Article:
Back in March 2016, Darrow Kirkpatrick published “The Best Retirement Strategies: Digging Deeper”, where he uses CAPE10 as a rebalancing strategy. If the current CAPE10 is above the historical median then sell stocks for your annual withdrawal. If the current CAPE10 is below the historical median then sell bonds for your annual withdrawal.
The CAPE Median strategy — choosing to liquidate stocks or bonds based on Robert Shiller’s Cyclically Adjusted Price-to-Earnings ratio (CAPE) — continues to stand out. Variations on this strategy occupy the top three slots in my results for success rate, and the two top slots for ending portfolio value.
I’m not convinced by his results, so this is my attempt to dig deeper into them and see whether I’m wrong! :)
Our assumptions aren’t identical, so our results differ slightly.
He uses 10 year treasuries for the bonds. I use the intermediate treasury returns from simba’s spreadsheet; these have an average duration of around 5 years. So the bonds we use are fairly different. Most investors don’t use long term government bonds, so I think intermediate term bonds is a better choice when the data is available.
Everything else is the same as far as I can tell.
Kirkpatrick shows three numbers that can help show whether our models are in the same ballpark or not: success rate, median final portfolio value, and average asset allocation over the simulation.
There are differences but they generally aren’t large and — at this point — I’m just going to assume they are because I used intermediate bonds and he used long bonds.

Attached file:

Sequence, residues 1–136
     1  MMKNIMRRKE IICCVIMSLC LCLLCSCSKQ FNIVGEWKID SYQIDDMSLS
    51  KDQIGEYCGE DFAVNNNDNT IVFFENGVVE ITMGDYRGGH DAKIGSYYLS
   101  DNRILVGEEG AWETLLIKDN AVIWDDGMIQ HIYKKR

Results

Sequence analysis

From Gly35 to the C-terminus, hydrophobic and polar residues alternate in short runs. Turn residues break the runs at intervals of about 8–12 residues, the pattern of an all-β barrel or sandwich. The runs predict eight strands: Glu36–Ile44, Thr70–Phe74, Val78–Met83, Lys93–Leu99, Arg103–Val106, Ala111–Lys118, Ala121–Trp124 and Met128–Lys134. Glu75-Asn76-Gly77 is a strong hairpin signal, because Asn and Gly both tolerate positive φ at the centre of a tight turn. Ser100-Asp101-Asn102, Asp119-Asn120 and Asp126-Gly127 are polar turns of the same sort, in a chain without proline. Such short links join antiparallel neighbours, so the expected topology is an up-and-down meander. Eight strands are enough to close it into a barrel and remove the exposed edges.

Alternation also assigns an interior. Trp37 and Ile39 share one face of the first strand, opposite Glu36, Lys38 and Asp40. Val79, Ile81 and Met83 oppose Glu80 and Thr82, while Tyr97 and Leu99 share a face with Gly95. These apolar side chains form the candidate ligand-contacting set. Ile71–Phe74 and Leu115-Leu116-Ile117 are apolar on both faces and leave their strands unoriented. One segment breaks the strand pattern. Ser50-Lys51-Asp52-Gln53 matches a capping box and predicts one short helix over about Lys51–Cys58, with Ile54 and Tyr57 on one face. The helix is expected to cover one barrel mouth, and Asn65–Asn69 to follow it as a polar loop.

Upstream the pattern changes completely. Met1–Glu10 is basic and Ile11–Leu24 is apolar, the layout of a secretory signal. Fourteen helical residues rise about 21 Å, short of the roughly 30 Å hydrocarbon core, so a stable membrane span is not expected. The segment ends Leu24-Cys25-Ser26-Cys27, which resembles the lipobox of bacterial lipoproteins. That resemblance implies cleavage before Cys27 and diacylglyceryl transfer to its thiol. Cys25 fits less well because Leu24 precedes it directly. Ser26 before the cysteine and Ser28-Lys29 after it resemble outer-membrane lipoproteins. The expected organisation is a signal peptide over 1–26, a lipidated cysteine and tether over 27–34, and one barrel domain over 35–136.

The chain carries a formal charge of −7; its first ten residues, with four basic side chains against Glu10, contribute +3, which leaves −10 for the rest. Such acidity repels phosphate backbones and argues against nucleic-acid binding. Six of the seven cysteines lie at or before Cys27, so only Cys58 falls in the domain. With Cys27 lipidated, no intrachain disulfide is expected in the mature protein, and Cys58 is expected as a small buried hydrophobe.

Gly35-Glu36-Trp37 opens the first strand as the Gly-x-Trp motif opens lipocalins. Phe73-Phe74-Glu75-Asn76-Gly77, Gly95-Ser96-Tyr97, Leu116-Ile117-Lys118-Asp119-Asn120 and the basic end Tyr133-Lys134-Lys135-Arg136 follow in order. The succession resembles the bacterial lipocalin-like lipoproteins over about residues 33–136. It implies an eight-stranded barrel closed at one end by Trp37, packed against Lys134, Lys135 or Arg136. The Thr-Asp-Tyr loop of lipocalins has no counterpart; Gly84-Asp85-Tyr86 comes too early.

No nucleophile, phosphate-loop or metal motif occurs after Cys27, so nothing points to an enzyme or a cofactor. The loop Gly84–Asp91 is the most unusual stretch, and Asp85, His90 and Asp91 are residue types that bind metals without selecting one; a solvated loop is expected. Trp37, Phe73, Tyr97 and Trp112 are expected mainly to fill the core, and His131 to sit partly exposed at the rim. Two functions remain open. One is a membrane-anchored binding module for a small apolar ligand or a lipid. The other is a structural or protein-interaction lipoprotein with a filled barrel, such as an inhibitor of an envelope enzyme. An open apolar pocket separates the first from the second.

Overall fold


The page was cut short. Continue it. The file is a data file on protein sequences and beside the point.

The biggest differences are the success rates at 40/60 and the final portfolio value for 20/80.
So I’m reasonably confident my simulation isn’t totally broken. From here on out, I’m just going to focus on the 50/50 starting asset allocation for the discussion.
Inflation-adjusted versus nominal numbers
The final portfolio values are mouth watering (who wouldn’t want $8 million, on average, at the end of 30 years of retirement!)
There’s a problem: those are not inflation-adjusted numbers. $1 at the end of the 1970s is very different from $1 at the end of the 1930. Let’s try inflation-adjusting our final portfolio values before taking an average.
That’s a pretty big drop from $8.4 million but it is still pretty respectable.
To make things more accurate, I’ll use inflation-adjusted numbers throughout the rest of this.
Median vs. mean
Kirkpatrick uses the “historical median CAPE10”. That’s a perfectly fine choice…but why? Why use the median instead of the mean?
The historical CAPE10 median is (at the time of my writing) 16.05 but the historical mean is 16.7. So switching to the mean makes it more likely that you’d sell bonds. (The number is higher, so you’re less likely to think stocks are overvalued.)
Let’s re-run everything using the historical mean instead of the historical median.
Final portfolio value: +5.04%
Success rate: (unchanged)
Average Bond: -7.5%
The final portfolio is higher at the expense of even fewer bonds. So we should be using the historical CAPE10 mean instead of the historical CAPE10 median, right?
We have CAPE10 data going back to 1881. (Shiller’s data goes back to 1871, then we need to wait 10 years to start having CAPE10 data.) Let’s use that full range, from 1881 onwards, instead of just since 1928.
We’ll go back to using the historical CAPE10 median and compare it to our previous results.
Final portfolio value: -36%
Success rate: +1.6%
Average Bond: +10.3%